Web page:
Deep fry your rghaif squares in preheated hot oil before until very light brown in colour before dipping into the heated honey mixture.
Make sure the honey gets to cover the entire square, side and corner then place in a drainer or a suitable container.
When you have repeated this process and completed your batch of honey rghaif, sprinkle with your desired nuts or in this case roasted sesame seeds and place in a presentable dish
It is one of the things that seems to be unique to us. Purchasing large bottle of honey for the home. But why? Why do we need such a large bottle at once? We did some research and came up with a few sweet theories.
Availability of bottles. Many of the seasoned beekeepers will tell you there was a time when buying new bottles wasn’t an option. 40 years ago most beekeepers would collect the rum bottles from bars, sanitize them and reuse. Today, we have better packaging options and can buy new bottles when needed.
Tradition. We have gotten used to it. If we were to look at our ‘honey culture’ it is our preferred size (even if it takes us a year to finish).
Scarcity. Our primary production season is from January to June which means for the second half of the year honey can be more difficult to find. However, production can also vary within the dry season (like the non-existent dry season of 2018)
Whatever your preference pure honey doesn’t spoil so you can hold on to it for as long as you need to.
International Mother Earth Day is celebrated on the 22nd of April each year to remind each of us that the Earth and its ecosystems provide us with life and sustenance. Because of our love for bees, this year’s theme, protecting our species is very important to us.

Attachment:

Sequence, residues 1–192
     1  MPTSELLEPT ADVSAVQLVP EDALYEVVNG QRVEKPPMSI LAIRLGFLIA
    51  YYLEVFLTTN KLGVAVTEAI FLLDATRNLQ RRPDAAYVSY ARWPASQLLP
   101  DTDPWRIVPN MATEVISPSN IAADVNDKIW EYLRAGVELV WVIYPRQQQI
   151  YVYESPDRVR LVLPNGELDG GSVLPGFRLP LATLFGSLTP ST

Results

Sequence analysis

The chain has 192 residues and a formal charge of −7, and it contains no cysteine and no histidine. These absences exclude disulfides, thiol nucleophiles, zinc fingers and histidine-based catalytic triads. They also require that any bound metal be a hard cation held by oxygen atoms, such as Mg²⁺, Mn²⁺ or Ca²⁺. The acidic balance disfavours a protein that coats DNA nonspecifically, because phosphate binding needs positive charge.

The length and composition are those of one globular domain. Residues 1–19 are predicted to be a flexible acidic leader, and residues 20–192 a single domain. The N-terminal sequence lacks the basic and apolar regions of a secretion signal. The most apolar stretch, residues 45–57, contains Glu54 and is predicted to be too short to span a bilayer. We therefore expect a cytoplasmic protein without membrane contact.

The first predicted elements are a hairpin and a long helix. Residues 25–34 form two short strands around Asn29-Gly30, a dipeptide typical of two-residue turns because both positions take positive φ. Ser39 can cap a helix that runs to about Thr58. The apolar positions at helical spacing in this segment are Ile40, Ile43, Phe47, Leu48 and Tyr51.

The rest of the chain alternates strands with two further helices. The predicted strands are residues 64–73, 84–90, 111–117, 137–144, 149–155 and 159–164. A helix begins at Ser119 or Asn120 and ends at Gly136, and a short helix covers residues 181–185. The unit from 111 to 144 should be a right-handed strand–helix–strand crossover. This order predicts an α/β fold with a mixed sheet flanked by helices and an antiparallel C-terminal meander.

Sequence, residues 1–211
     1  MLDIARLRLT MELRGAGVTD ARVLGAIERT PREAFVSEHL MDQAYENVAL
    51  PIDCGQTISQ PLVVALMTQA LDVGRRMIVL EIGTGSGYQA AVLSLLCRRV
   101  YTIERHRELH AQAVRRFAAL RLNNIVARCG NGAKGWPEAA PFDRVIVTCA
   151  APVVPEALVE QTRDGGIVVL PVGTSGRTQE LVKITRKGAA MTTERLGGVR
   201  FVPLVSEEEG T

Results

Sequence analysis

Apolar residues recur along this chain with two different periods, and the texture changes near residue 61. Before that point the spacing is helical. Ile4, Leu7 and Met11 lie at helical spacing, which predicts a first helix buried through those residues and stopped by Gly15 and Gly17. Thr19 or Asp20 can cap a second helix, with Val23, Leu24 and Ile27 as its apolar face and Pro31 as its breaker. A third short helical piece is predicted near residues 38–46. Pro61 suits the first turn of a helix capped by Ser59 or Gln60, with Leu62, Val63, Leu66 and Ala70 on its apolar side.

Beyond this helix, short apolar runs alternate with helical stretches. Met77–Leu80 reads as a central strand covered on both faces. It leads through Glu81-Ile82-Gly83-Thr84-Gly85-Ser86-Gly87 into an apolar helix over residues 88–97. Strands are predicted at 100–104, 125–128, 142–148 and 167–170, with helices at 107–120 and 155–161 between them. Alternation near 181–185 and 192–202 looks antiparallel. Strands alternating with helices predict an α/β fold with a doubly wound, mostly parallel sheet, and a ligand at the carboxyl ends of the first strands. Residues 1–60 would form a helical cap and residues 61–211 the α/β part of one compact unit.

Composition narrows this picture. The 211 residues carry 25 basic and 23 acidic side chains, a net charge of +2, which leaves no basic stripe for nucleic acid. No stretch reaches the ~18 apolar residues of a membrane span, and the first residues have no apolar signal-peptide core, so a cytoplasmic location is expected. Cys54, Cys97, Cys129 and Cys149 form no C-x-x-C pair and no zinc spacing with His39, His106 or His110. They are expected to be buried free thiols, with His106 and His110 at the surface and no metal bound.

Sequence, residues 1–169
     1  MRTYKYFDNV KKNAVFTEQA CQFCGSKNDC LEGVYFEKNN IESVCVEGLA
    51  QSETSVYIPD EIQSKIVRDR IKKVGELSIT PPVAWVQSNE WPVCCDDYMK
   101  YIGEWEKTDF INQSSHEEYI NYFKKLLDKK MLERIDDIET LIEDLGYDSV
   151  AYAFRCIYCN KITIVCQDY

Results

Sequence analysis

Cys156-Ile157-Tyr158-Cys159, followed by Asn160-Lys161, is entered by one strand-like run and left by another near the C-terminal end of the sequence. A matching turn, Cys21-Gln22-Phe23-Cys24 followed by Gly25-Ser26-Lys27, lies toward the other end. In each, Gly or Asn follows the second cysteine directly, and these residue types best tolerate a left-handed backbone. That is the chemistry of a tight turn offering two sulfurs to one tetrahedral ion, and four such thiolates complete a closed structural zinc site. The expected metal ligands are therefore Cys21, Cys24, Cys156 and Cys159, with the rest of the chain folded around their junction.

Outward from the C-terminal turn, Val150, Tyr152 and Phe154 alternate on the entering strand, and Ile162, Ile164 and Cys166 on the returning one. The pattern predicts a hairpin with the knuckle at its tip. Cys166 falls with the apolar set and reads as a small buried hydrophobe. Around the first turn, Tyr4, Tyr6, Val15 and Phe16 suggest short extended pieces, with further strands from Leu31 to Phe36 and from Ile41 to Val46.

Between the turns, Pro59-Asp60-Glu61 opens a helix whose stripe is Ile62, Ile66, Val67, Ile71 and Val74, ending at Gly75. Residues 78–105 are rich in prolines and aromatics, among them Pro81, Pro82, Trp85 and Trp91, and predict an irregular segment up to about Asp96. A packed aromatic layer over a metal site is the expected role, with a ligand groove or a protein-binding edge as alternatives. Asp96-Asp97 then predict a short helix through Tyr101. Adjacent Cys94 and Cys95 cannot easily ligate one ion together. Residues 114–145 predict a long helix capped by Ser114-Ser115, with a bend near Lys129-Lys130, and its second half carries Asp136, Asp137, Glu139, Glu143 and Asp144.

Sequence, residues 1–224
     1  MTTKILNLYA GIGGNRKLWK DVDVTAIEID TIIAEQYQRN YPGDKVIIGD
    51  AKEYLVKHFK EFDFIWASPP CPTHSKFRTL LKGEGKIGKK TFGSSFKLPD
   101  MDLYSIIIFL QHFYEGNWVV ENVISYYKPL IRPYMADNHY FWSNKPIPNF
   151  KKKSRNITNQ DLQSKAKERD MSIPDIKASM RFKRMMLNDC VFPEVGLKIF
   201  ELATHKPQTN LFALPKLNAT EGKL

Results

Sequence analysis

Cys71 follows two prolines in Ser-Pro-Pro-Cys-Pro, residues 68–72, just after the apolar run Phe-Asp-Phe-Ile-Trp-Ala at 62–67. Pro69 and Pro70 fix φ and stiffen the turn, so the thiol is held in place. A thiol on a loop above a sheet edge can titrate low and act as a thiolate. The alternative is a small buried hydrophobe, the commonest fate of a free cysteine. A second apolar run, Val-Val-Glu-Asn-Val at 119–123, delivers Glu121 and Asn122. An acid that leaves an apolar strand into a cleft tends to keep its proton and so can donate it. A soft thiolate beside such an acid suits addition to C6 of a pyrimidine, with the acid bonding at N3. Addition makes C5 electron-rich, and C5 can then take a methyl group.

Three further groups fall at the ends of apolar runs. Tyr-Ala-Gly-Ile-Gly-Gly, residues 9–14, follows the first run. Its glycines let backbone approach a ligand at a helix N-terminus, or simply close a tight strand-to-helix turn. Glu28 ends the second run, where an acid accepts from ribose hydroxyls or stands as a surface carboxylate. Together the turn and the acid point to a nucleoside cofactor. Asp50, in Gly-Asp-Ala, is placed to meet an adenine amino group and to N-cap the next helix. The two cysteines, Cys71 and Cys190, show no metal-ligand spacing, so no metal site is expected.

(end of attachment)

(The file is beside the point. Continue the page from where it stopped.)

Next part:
Many times we see the #savethebees and while this is important the #savethepollinators is even more so. As beekeepers we here the stories about the loss of bees due to farmers spaying insecticides on their crops (remember, bees are insects too). But one must imagine if this is happening to the bees what about or other pollinators? our native stingless bees, our butterflies etc.
We suppose the bigger question to this may be, “How does this affect our health?” A good start would be getting to know your farmers. Ask questions, and don’t be afraid to buy fruit and vegetables that aren’t perfect. Avoid using chemicals that have fipronil or glyphosate listed as their active ingredient. These can be very harmful to bees. And if you can, grow more of your own food.
Interested in trying something new this Easter? How about honey balls. This desert is and easy one to make and sure to be a crowd pleaser.
Struffoli (English translation honey balls) is an Italian desert traditionally served during Easter. The name struffoli, a traditional festive dessert formed by several small balls of dough, is believed to come from the Greek word stróngylos, meaning ’round in shape’. While Italian honey balls are sometimes made quite simply, without extra flavorings, you can add citrus (lemon, lime or orange) zest to give an additional flavour.
In a bowl, whisk together the eggs, butter, and the 1 teaspoon sugar until foamy. Sift the our with the baking power and stir into the egg mixture. With your hands, work the mixture into a soft dough. Divide the dough into 4 pieces, On a floured surface, roll each piece into a rope about the width of your index finger and 12 inches long.
Cut the ropes into 1-inch pieces. Toss the pieces with enough our to dust them lightly, and shake off the excess our. In a deep fryer, heat the oil to 375°F. Fry the struffoli a few handfuls at a time, until puffed up and golden brown. Transfer with a slotted spoon to brown paper to drain.
In a large saucepan, combine the honey and the 1/2 cup sugar and heat over low heat, stirring, until the sugar has dissolved; keep warm over low heat. Add the fried balls a few at a time, and turn them with a wooden spoon to coat on all sides.